Guest post by Angelina Harper.
Cloud computing has become a global phenomenon since the concept emerged a decade ago. For technology buyers ,it has democratized access to advanced software; it gives startups and small businesses access to a sophisticated IT infrastructure on an “on-demand” basis. For vendors, it simplifies sales and support while making revenue streams more predictable.
Forrester predicts that the cloud software market will grow to $411 billion by 2022. This indicates the enthusiastic embrace of cloud computing by businesses of all sizes.
What exactly is cloud computing? To put it simply, it is a way of using remote servers to access files, host databases, and run applications. The benefits of cloud computing include scalability, robustness, and cost-effectiveness.
Cloud computing is still evolving. It is expanding in a variety of directions, giving rise to a number of trends. Understanding these trends will help you leverage cloud computing most effectively for the needs of your organization.
To give you insights about where cloud computing is heading in 2020, here are six of the most important and prominent trends in the industry.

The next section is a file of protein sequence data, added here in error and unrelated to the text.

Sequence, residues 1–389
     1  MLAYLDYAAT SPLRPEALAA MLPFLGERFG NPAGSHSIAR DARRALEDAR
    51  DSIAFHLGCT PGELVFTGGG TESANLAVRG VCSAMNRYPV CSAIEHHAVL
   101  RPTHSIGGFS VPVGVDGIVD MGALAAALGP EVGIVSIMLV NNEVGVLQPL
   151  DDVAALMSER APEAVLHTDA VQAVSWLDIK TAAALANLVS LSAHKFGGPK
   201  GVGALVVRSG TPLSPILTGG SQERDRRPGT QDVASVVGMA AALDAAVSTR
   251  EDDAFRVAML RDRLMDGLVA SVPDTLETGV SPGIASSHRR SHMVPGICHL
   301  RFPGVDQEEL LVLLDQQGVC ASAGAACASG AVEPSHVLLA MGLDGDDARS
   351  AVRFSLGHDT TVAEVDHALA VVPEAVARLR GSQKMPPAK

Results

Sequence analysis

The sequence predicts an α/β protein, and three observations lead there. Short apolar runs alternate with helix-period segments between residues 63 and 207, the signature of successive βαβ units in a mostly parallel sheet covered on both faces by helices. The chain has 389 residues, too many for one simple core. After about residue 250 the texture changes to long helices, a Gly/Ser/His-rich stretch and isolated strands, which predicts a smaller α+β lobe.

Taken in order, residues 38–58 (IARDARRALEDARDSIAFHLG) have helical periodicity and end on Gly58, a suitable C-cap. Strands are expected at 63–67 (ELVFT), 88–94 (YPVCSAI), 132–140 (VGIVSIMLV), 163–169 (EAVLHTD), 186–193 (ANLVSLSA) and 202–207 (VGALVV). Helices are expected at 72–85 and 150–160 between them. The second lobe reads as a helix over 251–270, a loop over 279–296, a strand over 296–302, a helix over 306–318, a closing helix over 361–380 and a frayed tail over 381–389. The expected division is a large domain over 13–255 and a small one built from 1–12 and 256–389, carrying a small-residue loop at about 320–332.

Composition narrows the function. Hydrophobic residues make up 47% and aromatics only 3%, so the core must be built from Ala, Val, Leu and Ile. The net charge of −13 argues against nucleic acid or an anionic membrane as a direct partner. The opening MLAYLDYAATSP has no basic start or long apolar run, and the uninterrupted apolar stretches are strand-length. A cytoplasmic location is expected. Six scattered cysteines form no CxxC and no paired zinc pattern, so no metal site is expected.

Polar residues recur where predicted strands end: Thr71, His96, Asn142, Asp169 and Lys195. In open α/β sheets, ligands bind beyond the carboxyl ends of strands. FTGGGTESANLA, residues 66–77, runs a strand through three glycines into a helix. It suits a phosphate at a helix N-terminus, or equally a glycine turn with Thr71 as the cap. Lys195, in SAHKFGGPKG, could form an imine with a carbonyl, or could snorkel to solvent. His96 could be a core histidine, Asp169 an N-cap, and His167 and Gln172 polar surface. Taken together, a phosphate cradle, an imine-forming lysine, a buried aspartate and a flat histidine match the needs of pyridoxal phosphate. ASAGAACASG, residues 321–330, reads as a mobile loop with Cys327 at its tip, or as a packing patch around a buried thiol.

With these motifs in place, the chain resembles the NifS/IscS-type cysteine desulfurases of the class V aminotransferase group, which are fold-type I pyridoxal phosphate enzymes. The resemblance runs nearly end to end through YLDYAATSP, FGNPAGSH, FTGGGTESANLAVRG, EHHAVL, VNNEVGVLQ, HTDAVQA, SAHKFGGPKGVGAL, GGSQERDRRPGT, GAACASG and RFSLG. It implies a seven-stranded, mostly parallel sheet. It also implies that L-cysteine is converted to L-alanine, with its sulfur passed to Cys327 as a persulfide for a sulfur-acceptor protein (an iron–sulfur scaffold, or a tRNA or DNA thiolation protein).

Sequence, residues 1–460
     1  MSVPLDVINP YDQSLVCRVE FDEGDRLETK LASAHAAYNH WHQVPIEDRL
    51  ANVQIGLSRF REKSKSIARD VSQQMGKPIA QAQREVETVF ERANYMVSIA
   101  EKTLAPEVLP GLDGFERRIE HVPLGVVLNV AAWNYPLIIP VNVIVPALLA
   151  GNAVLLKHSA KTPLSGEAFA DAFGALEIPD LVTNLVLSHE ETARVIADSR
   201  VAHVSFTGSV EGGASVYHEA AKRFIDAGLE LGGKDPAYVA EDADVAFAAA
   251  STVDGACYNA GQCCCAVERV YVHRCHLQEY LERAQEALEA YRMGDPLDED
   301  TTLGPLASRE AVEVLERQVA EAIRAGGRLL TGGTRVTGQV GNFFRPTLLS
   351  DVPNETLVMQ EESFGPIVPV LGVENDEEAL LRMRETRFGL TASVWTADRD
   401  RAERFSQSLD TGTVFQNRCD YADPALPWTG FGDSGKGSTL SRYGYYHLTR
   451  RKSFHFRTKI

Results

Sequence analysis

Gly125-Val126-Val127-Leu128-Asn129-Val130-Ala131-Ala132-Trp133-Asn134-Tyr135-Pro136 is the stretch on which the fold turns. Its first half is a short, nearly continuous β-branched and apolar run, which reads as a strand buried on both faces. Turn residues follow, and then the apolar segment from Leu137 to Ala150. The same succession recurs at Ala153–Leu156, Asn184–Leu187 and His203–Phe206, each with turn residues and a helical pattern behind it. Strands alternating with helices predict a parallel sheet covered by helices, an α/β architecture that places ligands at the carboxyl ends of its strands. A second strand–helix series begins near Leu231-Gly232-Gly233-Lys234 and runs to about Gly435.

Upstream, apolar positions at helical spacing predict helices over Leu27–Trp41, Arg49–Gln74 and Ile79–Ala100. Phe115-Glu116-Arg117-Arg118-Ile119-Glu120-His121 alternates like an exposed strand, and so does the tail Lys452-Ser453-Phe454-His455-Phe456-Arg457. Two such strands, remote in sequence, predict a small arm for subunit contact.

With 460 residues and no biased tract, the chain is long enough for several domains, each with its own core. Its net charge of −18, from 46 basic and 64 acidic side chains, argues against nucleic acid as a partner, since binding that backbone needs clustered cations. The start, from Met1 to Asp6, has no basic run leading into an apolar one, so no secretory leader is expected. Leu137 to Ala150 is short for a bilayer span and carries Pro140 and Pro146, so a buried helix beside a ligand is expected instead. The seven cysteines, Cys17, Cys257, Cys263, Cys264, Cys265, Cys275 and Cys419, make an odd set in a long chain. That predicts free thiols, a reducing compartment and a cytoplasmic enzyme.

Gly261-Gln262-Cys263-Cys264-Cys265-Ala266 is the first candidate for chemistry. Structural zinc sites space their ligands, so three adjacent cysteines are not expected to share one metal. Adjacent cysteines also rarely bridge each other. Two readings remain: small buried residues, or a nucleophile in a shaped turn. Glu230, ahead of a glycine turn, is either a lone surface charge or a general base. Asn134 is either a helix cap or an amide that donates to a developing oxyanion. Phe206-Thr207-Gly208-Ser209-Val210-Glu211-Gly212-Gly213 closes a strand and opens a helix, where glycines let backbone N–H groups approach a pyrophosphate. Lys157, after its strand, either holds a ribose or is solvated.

1. Serverless Computing
Conventional cloud computing operates on a model where you rent a fixed number of servers to run applications or store data. This structure works well for large scale enterprises, but it can be costly and inefficient for smaller businesses.
Serverless computing providers attempt to address this issue with a different pricing model. Instead of paying for a whole server, you get charged based on the actual amount of resources you use.
The main benefit of this model is that you don’t have to worry about spending too much or too little on servers. You get as much computing power as you need, and the price you pay reflects that.
The other benefit of serverless computing is that it makes software deployment easier. You won’t have to worry about things like scaling, capacity planning, or maintenance operations, since they are managed by the cloud provider by default.
2. Edge Computing
When you buy storage space or computational power on the cloud, you don’t get to choose where the actual servers are located. They can be housed at the far end of the globe, which can cause latency and bandwidth issues.
Edge computing is a way to solve this issue while maintaining the benefits of the cloud. The concept is to keep servers physically close to cloud service users. This reduces the distance data has to travel. The goal of edge computing is to move processes away from data centers towards the edge of the network.
Edge computing makes it possible to run computationally-intensive processes such as facial recognition without impacting the speed of your application.
3. Cloud-based Container Management
Containers are a new way for companies to deploy and manage code. A container is a self-contained bundle of services, dependencies, and drivers needed to run a particular piece of code. It resembles a virtual machine but is considerably leaner and more versatile.
Containers make it easy to port applications from one cloud service from another. For example, you can develop an app on Amazon Web Services, deploy it on Microsoft Azure, and then re-deploy it on Google Cloud.